Bromocriptine is a dopamine agonist which suppresses prolactin secretion in healthy people and in patients with prolactin secreting tumours. It increases growth hormone secretion in some normal subjects but paradoxically lowers growth hormone secretion in up to 70% of patients with acromegaly.
Reports on the efficacy of bromocriptine therapy in acromegaly vary widely. Growth hormone levels are reduced in the majority of patients but are rarely completely suppressed. Greater remission of the soft tissue features of acromegaly may occur in some patients than would be expected from changes in growth hormone levels as determined by immunoassay.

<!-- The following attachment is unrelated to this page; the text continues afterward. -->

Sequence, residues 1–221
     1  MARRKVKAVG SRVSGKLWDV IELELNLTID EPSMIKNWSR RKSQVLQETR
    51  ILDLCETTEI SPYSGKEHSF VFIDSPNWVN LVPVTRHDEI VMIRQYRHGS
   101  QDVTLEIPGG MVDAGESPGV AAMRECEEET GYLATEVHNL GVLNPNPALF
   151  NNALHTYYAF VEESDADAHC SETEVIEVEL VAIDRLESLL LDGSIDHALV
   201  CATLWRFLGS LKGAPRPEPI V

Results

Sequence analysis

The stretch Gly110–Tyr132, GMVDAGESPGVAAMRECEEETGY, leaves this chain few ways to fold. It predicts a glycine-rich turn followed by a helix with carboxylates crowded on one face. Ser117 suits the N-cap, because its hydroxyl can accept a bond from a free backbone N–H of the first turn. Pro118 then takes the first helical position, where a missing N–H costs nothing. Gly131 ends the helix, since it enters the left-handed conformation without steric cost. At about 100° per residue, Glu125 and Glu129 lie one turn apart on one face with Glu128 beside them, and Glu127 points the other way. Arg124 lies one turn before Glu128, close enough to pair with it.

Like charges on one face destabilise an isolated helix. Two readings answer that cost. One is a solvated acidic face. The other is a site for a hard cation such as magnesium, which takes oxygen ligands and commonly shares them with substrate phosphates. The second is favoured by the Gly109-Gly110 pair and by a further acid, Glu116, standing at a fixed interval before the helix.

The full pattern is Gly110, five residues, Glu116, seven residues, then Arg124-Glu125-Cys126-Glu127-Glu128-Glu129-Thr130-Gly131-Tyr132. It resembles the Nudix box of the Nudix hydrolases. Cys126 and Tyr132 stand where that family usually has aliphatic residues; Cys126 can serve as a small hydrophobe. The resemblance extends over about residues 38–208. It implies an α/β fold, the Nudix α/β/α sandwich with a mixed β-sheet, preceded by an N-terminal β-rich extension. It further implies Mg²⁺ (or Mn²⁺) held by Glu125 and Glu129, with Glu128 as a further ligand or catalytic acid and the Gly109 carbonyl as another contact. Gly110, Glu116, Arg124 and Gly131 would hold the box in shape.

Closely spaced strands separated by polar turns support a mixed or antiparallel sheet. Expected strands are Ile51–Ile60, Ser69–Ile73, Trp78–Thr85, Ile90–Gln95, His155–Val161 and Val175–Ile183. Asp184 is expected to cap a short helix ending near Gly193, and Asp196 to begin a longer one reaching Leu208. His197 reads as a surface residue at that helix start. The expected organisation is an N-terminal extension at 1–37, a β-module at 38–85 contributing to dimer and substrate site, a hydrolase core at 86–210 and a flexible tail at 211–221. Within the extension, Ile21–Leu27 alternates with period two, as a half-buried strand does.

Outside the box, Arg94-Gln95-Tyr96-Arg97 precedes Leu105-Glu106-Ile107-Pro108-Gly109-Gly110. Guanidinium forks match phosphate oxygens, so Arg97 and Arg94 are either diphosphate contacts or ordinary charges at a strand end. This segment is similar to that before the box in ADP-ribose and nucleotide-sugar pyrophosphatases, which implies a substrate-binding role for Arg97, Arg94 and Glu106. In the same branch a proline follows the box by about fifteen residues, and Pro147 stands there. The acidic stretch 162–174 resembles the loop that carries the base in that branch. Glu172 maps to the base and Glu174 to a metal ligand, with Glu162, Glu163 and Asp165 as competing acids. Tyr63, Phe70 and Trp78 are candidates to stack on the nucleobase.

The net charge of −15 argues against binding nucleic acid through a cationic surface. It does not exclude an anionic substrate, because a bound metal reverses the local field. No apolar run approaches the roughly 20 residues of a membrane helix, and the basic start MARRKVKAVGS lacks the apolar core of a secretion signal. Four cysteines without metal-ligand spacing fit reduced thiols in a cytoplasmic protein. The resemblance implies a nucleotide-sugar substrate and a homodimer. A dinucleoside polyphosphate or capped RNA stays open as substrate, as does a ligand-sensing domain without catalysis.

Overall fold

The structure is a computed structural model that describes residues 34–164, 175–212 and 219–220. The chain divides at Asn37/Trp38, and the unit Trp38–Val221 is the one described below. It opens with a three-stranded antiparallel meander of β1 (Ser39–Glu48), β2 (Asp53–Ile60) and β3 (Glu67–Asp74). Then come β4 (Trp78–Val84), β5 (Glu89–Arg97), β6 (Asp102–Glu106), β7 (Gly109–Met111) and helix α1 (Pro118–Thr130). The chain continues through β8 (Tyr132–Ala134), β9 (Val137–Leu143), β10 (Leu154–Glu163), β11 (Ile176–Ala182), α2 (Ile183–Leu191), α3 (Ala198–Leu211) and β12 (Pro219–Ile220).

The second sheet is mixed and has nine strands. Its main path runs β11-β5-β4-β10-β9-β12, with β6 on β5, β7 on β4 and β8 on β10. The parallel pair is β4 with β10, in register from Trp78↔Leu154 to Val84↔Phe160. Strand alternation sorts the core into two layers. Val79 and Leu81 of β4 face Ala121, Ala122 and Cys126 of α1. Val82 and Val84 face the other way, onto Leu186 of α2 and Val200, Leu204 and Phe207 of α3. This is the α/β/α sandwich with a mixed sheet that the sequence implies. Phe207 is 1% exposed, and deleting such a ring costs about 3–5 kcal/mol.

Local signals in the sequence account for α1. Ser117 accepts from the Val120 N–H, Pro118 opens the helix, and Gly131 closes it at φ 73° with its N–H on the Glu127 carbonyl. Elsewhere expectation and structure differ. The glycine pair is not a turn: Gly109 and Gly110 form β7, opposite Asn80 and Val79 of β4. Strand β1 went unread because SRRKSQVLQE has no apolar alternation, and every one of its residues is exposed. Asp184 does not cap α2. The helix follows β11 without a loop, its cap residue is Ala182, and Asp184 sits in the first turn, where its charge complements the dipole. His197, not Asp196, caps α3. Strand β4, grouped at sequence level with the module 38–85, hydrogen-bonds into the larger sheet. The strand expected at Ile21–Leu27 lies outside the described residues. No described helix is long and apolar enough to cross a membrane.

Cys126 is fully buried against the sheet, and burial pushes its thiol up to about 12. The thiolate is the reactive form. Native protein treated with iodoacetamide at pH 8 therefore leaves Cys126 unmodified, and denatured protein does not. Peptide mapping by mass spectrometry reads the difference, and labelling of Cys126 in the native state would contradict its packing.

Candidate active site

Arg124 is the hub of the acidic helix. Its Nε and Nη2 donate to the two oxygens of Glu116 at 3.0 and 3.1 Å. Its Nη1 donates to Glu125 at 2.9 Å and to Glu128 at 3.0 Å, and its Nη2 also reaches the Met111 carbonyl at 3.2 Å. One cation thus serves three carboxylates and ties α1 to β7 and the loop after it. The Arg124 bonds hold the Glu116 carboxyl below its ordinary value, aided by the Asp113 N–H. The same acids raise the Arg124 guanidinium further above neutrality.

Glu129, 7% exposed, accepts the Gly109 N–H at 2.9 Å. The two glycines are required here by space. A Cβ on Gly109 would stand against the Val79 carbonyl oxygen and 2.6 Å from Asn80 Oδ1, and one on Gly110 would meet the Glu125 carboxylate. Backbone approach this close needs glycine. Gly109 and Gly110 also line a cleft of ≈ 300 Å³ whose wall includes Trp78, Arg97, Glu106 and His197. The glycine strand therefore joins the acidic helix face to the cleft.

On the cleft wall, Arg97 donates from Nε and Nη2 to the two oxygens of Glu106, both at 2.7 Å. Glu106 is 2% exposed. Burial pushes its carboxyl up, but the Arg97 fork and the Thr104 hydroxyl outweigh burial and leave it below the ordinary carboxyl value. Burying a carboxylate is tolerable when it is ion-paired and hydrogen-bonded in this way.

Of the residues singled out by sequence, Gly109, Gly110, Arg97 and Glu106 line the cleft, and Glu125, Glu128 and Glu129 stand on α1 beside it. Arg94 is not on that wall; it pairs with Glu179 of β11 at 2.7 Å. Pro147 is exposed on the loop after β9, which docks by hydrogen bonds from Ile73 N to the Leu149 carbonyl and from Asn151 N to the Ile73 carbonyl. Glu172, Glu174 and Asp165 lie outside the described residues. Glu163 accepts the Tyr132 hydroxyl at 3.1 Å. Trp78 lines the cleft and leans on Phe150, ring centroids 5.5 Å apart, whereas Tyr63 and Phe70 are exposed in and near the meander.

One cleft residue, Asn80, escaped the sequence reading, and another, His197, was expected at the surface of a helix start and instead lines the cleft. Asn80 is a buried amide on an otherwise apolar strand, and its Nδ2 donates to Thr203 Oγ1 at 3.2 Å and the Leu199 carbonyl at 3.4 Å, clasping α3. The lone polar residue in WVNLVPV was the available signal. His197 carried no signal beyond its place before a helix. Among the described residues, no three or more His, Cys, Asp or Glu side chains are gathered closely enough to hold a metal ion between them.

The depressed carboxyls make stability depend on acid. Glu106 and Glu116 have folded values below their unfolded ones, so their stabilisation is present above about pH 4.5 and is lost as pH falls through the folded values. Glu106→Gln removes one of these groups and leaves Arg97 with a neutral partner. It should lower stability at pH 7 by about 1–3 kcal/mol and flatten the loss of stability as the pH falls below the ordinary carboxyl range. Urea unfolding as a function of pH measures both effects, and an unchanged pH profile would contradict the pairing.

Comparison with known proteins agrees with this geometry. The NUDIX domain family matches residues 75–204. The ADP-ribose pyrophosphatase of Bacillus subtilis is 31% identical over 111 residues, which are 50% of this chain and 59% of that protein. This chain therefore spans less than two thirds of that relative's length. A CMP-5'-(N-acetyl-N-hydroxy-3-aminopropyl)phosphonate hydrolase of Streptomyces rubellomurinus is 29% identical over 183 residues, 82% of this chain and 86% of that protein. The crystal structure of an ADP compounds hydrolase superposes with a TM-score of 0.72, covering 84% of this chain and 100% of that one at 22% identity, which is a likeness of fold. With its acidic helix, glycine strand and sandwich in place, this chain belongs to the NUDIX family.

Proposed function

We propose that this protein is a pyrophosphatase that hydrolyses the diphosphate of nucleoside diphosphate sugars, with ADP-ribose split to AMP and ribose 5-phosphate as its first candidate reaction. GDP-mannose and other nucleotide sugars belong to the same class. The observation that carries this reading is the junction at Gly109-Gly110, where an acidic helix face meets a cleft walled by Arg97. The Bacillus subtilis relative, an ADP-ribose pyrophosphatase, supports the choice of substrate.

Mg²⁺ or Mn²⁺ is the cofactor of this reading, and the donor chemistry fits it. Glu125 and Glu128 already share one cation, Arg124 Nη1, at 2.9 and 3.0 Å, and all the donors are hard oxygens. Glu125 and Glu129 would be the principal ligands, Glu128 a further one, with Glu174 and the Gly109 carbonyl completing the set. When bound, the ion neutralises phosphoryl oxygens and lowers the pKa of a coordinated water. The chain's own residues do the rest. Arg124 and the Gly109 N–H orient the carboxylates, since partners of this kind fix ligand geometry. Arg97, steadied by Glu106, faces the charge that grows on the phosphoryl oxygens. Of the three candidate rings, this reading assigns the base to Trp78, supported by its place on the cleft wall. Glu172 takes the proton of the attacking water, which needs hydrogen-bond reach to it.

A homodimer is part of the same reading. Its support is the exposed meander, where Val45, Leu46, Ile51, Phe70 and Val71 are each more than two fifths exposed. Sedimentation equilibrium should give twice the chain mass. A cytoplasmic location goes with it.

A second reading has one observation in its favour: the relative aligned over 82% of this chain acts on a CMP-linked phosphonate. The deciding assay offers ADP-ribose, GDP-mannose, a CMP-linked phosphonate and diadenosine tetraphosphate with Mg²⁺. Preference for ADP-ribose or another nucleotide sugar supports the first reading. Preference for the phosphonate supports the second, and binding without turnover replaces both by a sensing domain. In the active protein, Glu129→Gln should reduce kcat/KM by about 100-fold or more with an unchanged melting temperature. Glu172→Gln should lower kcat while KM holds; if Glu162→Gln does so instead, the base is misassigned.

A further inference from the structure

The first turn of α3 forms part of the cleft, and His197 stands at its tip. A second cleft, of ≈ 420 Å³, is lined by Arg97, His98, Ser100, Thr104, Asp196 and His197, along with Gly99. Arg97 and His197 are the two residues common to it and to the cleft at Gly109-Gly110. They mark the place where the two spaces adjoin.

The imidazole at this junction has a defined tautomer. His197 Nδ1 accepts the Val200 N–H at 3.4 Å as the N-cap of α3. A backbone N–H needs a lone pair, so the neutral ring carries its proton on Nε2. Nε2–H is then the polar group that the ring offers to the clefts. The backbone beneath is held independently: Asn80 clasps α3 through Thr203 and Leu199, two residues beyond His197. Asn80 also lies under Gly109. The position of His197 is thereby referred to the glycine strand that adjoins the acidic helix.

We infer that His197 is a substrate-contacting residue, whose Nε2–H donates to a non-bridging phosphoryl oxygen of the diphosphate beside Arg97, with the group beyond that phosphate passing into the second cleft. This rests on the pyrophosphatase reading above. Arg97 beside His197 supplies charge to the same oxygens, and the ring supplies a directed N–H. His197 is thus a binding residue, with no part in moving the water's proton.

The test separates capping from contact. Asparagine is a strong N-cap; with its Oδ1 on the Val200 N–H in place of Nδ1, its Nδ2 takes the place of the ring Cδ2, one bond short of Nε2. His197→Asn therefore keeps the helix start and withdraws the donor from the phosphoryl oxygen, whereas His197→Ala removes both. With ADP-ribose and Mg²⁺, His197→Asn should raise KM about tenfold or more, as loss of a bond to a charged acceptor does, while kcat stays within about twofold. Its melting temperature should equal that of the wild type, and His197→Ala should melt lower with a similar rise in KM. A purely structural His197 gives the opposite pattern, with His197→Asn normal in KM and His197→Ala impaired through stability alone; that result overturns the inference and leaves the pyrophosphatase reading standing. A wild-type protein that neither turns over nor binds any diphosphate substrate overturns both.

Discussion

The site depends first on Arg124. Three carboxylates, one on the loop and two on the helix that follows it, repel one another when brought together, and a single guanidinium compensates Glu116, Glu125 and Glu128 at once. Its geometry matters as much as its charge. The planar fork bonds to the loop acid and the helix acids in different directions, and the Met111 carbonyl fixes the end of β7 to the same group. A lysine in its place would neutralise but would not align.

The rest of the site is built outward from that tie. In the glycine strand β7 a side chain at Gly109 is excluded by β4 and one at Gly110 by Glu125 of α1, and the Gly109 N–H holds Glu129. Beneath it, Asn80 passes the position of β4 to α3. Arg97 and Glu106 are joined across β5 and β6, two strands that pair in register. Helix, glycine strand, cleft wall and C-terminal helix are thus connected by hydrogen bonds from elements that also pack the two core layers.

The major advantage of bromocriptine therapy in acromegaly is its lack of effect on pituitary function, other than growth hormone and prolactin secretion, and avoidance of the complications of surgical or radiation treatment. Its major disadvantages are that the majority of patients only show a partial response, and the degree of compliance required with long term therapy. It is a useful adjunct to surgical and radiation treatment. In the few large studies of bromocriptine treatment used alone the results obtained over a limited period compare favourably with those obtained by radiotherapy.